Disclaimer: I do not think everyone who thinks the Bible is inerrant is an egotistical narcissist. If you are worried about being perceived to have this doctrine of personal inerrancy, then you obviously do not!


I mean, I might be slightly egotistical, but narcissist? Nah.


Interesting that “affirm” is the exact word used in Dei Verbum (Vatican II, 1965). As quoted by the Catechism of the Catholic Church:

“Since therefore all that the inspired authors or sacred writers affirm should be regarded as affirmed by the Holy Spirit, we must acknowledge that the books of Scripture firmly, faithfully, and without error teach that truth which God, for the sake of our salvation, wished to see confided to the Sacred Scriptures.”

The standard Catholic position is innerancy for the things the authors actually affirm. However, I find that in practice it could be difficult to figure out what an author actually affirms.

Note also that while this is the standard Catholic position, the teaching of “the innerancy of the Bible in all it affirms” itself is not taught infallibly. The only part that the Catholic Church has taught infallibly is that the Bible is innerant in matters of faith and morals.


I learned to not be too dogmatic about there being no errors in the Bible that we have available to us today from reading The Mysterious Numbers of the Hebrew Kings. He documents rather convincingly how scribes introduced errors into the text because they did not understand the method being used to date some events and sought to “correct” them.


The alternative, which is how I saw it (before I dropped out of Christianity):
1: The Bible in inerrant and infallible;
2: Science gives a pretty good description of the world;
3: Therefore I must interpret the Bible in a way that does not contradict what science tells us about the world.


I’m not referring to the average person, but the most extreme - thus my disclaimer.

I don’t intend to pursue this line of discussion any further.


I know. I was just kidding.


Sorry - can’t read between your lines very well, yet. :slight_smile:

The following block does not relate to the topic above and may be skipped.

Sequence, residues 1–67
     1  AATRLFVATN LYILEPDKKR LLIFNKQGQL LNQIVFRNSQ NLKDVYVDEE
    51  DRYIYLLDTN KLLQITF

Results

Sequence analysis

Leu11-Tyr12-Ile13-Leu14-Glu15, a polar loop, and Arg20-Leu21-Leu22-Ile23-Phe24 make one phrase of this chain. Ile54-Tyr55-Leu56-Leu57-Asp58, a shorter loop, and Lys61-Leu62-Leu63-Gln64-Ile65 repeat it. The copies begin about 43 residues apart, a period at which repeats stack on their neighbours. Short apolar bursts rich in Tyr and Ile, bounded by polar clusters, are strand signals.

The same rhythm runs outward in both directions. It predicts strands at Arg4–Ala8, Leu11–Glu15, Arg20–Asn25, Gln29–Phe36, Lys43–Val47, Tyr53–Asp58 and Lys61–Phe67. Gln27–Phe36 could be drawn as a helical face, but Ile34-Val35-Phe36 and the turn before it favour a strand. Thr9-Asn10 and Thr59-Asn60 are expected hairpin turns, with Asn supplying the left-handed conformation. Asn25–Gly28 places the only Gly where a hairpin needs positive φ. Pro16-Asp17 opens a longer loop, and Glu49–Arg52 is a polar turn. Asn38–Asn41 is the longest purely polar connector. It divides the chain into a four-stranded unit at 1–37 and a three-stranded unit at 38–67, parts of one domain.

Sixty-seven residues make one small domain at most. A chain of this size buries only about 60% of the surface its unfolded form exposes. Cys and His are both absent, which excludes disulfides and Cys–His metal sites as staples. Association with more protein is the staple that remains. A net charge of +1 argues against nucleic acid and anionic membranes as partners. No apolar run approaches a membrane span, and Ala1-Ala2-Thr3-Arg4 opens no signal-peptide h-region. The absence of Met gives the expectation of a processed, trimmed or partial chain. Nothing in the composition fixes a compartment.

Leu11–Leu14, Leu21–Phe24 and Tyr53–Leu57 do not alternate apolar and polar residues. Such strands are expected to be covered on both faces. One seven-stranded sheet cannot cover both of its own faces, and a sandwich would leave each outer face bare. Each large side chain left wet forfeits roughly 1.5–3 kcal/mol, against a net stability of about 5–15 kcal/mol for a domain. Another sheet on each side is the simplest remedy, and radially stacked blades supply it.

I’ve read the book. I’m with Vanhoozer and Michael Bird. The essay by Mohler is not good (I’m being kind)…yet he is (was?) the president of the International Council on Biblical Inerrancy. It’s been rumored for awhile that ETS (Evangelical Theological Society) could see a split on the issue. (BTW, I spent 11 years as a student under Mohler.)


I agree with that reading the entire book was worth it. I enjoyed Bird the most. Getting the counter arguments really helped me. Enns was, in my opinion, most correct, with the incarnational model. But Bird is so talented and humorous that I kept coming back to him. I think each had something unique and valuable to add.thanks.

How were you under Mohler? Classes? Interesting.

I did my MDiv and PhD at the seminary. I did have him as a professor as well…and even babysat his kids :slight_smile:


Neat, that you knew him well.
Too bad that he chose those reasons for inerrancy. It would be such a pity to have a split in ETS though.
None of the positions really argued for why they considered inerrancy true, though–as I recall. They only argued why they took a certain stance against others. That is indeed a thorny issue.

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A book I’d recommend that plays into this discussion is Michael Graves’ book on the early church’s views of inspiration & interpretation.



Glad to see someone is talking about the views of the early Church. Along those lines, I identify the most with John Behr’s view in The Mystery of Christ and Richard Swinburne’s understanding in his book Revelation. This blog pretty much catches it.

I agree with Enns that scripture is incarnational and scripture is not immune from historical/scientific error from the human author. But Enns fails to explain where the divinity of scripture lies. Swinburne and Behr help with this.


@Jeremy_Christian, what is your thoughts on this?

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That is a good summary. He also has very good insight. Good choice. Thanks.

There is another way. How about that the bible was written by at least 70 human authors over a period of 1700 years and thus contains a lot of errors and is fallible in what it says about God.